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DB2

Posted Apr 5, 2005

Using the Activity Monitor to Actively Monitor Application Locks - Page 3

By DatabaseJournal.com Staff

by Paul C Zikopoulos

Graphically Solving the Problem

Now it is time to solve the locking problem at hand. To solve this problem, the Applications holding the largest number of locks report would be a good place to start

In this report, you can see all the locks that are being held by the different application handles that are connected to the database. To see the lock chains that are causing the blocking problems, right-click an application and select Show Lock Chains

You can see the lock chains associated with the authorization ID. In the figure below, you can see that AMUSERB's application is causing blocking on AMUSERC's application, which in turn is blocking AMUSERD, which in turn blocks two other applications.

If you right-click any of the applications connected to the database, you can force the lock, find out more details about the lock, or show the SQL statement that is causing the lock.

In my example, I have forced off the AMUSERB and AMUSERD statements. When I refresh the lock chain on my system, I can see that some of the applications were able to continue working and are no longer causing problems but that one issue still remains:

Unlocking the Mystery

You have seen how much easier DB2 UDB V8.2 makes the investigation into lock chains and blocking, and in future articles you will see how the Activity Monitor can be used for lots of other problem-resolution tasks as well. When you combine that graphical lock investigation with the fact that DB2 UDB will monitor itself and let you know about the problem (or potential problem) before your phone starts ringing, then you know you've got a database that's like no other. Combine all these DBA lock-helping features with the concurrency enhancements that have been delivered since the V8.1 release, and your DB2 UDB system is ready to fly.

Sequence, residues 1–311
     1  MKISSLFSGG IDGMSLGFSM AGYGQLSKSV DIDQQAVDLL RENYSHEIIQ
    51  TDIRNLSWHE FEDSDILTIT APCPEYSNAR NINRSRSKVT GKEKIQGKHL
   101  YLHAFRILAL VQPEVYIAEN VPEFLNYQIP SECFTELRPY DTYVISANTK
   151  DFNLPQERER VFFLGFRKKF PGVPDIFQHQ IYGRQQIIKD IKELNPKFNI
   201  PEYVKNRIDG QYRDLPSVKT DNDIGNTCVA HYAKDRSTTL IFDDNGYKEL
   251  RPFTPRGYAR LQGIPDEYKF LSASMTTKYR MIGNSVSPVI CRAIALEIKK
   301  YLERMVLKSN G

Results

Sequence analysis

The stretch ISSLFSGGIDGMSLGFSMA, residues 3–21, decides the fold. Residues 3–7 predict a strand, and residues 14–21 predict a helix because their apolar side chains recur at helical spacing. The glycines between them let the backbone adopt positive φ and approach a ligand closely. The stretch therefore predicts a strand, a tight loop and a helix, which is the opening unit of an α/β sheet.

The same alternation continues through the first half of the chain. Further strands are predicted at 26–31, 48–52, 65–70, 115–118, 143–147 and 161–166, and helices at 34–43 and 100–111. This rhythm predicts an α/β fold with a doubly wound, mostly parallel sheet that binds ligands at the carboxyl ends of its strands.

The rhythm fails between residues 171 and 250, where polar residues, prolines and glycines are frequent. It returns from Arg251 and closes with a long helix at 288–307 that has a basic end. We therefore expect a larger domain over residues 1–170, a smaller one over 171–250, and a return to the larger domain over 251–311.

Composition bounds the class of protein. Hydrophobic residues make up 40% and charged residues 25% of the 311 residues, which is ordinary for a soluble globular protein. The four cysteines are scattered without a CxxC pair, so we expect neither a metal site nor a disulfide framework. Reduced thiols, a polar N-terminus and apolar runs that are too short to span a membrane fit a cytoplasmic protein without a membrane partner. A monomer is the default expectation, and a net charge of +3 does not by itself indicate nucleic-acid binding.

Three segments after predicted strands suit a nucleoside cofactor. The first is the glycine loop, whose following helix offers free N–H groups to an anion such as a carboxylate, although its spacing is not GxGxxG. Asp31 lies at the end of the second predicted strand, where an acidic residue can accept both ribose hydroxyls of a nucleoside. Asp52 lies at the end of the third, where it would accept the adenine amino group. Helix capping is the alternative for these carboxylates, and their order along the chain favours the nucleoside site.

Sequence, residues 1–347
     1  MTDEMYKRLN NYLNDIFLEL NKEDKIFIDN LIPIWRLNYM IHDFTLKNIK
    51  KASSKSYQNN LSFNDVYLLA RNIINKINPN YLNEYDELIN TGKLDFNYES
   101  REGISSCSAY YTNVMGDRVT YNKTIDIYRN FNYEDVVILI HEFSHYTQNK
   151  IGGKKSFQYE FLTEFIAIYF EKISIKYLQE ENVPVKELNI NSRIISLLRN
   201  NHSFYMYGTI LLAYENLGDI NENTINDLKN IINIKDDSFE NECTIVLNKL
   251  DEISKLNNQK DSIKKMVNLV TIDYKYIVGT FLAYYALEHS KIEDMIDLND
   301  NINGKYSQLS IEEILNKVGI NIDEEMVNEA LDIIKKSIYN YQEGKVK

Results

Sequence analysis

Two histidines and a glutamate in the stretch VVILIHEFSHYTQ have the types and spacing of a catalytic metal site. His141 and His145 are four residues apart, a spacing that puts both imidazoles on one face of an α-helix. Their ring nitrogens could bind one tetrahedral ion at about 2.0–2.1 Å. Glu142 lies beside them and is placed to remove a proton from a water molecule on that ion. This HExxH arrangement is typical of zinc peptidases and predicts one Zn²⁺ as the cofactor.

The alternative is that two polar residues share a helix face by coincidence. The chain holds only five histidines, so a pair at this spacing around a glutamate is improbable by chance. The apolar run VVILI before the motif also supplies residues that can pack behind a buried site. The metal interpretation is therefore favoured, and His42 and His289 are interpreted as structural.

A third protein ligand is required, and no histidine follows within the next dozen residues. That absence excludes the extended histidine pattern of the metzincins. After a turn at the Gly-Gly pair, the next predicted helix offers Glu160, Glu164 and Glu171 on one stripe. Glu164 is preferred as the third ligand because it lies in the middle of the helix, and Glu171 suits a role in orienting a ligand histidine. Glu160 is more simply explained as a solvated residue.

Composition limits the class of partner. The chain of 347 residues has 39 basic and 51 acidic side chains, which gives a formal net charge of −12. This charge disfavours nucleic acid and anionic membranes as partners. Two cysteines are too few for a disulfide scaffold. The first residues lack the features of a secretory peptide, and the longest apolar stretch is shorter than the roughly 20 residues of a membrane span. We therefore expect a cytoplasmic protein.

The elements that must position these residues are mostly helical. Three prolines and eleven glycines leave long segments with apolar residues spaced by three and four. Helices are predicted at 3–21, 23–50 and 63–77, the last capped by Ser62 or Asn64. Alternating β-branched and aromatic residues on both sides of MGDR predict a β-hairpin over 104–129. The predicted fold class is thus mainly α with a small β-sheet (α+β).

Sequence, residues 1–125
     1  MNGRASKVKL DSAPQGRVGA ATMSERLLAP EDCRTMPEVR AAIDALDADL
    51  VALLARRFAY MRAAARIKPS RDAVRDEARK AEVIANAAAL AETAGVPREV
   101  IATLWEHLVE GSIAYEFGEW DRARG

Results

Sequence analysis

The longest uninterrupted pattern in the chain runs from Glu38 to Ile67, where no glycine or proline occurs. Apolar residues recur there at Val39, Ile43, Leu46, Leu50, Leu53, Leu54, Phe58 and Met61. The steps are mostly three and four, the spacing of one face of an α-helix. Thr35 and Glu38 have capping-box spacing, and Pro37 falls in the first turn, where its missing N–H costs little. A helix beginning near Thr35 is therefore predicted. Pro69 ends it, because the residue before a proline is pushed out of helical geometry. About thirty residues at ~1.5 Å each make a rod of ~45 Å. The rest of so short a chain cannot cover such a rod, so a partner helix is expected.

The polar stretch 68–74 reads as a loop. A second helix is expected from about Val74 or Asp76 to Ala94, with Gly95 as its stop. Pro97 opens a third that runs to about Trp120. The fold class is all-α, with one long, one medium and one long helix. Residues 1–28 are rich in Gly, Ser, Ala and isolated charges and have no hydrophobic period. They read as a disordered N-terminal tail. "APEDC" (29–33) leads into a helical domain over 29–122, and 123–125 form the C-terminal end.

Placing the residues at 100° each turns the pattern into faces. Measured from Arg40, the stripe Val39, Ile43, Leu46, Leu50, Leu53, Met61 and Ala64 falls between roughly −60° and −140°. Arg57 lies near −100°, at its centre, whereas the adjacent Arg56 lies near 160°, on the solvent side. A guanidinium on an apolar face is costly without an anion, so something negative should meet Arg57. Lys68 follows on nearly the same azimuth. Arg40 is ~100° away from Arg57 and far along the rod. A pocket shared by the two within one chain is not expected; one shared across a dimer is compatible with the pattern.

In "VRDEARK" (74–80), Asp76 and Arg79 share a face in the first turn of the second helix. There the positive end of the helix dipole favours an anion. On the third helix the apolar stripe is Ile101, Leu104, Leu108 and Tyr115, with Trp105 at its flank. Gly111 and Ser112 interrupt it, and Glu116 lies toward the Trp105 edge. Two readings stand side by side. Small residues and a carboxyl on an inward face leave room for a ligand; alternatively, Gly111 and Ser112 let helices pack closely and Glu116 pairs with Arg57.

About the Author

Paul C. Zikopoulos, BA, MBA, is an award-winning writer and speaker with the IBM Database Competitive Technologies team. He has more than nine years of experience with DB2 products and has written numerous magazine articles and books about it. Paul has co-authored the books: DB2 Version 8: The Official Guide, DB2: The Complete Reference, DB2 Fundamentals Certification for Dummies, DB2 for Dummies, and A DBA's Guide to Databases on Linux. Paul is a DB2 Certified Advanced Technical Expert (DRDA and Cluster/EEE) and a DB2 Certified Solutions Expert (Business Intelligence and Database Administration). Currently he is writing a book on the Apache Derby/IBM Derby database. You can reach him at: paulz_ibm@msn.com.



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